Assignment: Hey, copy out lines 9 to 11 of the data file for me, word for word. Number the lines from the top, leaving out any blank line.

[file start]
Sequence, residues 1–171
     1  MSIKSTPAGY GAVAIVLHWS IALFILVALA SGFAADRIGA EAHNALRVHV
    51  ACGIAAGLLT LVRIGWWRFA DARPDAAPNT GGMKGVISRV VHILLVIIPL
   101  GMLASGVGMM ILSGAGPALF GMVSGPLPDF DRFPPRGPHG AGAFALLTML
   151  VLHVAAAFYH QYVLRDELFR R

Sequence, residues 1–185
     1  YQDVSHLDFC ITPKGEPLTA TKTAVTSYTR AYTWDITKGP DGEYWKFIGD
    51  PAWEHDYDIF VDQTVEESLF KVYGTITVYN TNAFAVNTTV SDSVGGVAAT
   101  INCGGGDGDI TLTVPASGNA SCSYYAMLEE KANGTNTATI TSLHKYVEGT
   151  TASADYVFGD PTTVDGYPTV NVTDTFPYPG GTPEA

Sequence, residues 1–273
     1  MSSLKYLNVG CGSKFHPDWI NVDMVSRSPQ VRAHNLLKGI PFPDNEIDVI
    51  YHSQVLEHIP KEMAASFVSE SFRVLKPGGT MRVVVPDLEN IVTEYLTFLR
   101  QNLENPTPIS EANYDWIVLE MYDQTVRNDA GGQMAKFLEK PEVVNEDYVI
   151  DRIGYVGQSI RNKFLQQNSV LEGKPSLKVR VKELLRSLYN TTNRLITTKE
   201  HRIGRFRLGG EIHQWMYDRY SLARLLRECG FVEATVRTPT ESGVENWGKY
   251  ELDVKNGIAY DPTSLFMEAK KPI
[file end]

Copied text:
   101  INCGGGDGDI TLTVPASGNA SCSYYAMLEE KANGTNTATI TSLHKYVEGT
   151  TASADYVFGD PTTVDGYPTV NVTDTFPYPG GTPEA

Sequence, residues 1–273